UAE’s XVs programme gets fresh legs

Much of the malaise in the 15-a-side code has been brought about by poor availability. Since the advent of the UAE team, many talented players have often opted out.

Abu Dhabi Saracens, in red and black, in action during the Gulf Top Six tournament in February 2015. Delores Johnson / The National
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The UAE's XVs programme has enjoyed a boost after the squad began preparations for the 2015 Test season five months ahead of the first match.
A group of aspiring national team players met for the first time last week, as Roelof Kotze, the performance manager, looks to build a side to compete in two competitions in Malaysia in the summer.
The national team will be playing in the third division of the new Asian rugby competition structure, along with Malaysia, Thailand and Chinese Taipei in May. The UAE will then play for the first time in the Crescent Cup the following month, also in Kuala Lumpur.
"It is a good thing for us that we have been able to push XVs a little bit more," Kotze said.
"Having more XVs matches is a good vehicle for us to push the game forward.
"Sevens has allowed us to play on the international stage and get guys some experience.
"But the 15-a-side game is an important part of rugby. There are a lot of guys who can't play sevens, and this gives those guys the opportunity to play at international level as well."
Even though the standard of the domestic league has been rapidly improving in the recent past, representative rugby in this country has been on a downward spiral for years.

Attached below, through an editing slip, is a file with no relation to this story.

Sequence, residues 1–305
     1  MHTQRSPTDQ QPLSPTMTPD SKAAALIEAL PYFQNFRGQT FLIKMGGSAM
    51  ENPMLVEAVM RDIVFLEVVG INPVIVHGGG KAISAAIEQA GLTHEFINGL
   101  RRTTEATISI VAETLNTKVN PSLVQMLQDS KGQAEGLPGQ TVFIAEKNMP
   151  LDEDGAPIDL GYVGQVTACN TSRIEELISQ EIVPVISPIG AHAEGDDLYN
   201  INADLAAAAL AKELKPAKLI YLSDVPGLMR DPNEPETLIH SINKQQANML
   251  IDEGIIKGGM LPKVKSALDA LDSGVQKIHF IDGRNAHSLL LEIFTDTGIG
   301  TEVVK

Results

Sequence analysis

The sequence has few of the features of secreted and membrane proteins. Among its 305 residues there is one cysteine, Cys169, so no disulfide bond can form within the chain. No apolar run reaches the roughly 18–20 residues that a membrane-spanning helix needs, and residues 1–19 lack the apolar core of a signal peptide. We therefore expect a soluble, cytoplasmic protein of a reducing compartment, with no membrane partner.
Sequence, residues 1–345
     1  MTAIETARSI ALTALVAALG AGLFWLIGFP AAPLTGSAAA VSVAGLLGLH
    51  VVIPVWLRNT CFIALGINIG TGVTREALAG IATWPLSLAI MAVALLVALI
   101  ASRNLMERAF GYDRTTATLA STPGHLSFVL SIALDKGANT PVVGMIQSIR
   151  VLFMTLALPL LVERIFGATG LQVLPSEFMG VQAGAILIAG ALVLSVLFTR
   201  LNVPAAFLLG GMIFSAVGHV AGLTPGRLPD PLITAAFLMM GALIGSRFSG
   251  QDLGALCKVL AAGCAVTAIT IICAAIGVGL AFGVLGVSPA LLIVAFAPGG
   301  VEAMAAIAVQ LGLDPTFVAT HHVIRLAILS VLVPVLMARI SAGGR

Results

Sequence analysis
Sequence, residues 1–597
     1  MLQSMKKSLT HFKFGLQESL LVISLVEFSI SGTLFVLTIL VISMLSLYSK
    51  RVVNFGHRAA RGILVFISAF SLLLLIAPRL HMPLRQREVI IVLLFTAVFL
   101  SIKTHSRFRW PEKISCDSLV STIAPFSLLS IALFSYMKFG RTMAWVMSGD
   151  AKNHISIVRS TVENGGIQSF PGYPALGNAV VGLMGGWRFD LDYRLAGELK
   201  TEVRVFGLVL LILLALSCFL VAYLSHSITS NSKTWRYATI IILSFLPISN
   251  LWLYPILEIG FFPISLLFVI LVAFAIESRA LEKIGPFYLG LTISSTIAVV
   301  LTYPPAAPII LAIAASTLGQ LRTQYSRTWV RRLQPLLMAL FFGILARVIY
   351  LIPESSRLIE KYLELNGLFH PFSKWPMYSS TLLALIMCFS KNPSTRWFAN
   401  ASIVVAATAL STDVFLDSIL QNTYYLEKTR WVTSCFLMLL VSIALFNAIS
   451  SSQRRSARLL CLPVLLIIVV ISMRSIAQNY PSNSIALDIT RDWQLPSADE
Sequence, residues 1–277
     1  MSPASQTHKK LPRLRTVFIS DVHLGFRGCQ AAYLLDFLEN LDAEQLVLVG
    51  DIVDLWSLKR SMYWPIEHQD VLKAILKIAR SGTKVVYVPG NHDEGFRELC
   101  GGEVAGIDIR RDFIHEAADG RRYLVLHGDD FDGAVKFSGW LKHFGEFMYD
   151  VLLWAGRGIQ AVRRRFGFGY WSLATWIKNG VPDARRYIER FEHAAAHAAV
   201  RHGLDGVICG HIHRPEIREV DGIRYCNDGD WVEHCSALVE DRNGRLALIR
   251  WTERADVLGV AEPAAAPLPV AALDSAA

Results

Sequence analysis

The national team has suffered successive relegations. Having started in the top flight of Asian rugby, the UAE will be playing third-tier rugby this season.
Much of the malaise has been brought about by poor availability. Since the advent of the UAE team, which took over the Arabian Gulf's place in the Asian Five Nations in 2011, talented players have often opted out.
The reasons quoted have been varied, from standard injury problems, to a frustration with the administration, to an unwillingness to play unwinnable matches against well-resourced nations like Japan and Hong Kong.
However, a new optimism is now sweeping the XVs programme, as a variety of influential players from UAE Premiership clubs have signalled their keenness to be involved.
Paul Hart and Taif Al Delamie, the respective captains when Jebel Ali Dragons won domestic trebles over the past two seasons, have become eligible for selection.
From the capital, Jaen Botes, the imposing captain of Abu Dhabi Saracens, is available, as is Ed Lewsey, from Harlequins.
Botes, the No 8 who has been one of the stand-out players of the Gulf Top Six season, first moved to the UAE with his parents as a child.
After representing the Arabian Gulf at junior level, he moved to the UK to play and study, before returning to the Middle East last year, when he was made captain of Saracens.
"I joined UAE training in Dubai last week and hopefully I am good enough to be picked," said Botes, 24.
"I had a year off from rugby before picking it back up at the start of this season and that hit me back.
"But, hopefully, I can get back to form with the UAE matches coming up."
The new recruits will bolster a player pool which did boast a few successes during the only Test match in 2014, such as Adel Al Hendi and Charlie Sargent, the young wingers.
It is also hoped Adam Telford, the captain when the UAE played against Singapore in last year's lone Test, will also be back fit having suffered a long-term injury lay-off.
"We have worked hard to put the word out there amongst all the players, and after last year's very short season, we really want people involved," Kotze said. "A lot of guys have realised there is an opportunity for them" to play international rugby.
He added: "The vibe at the sessions has been very positive. I hope we can carry that sort of feeling through until the season starts properly."
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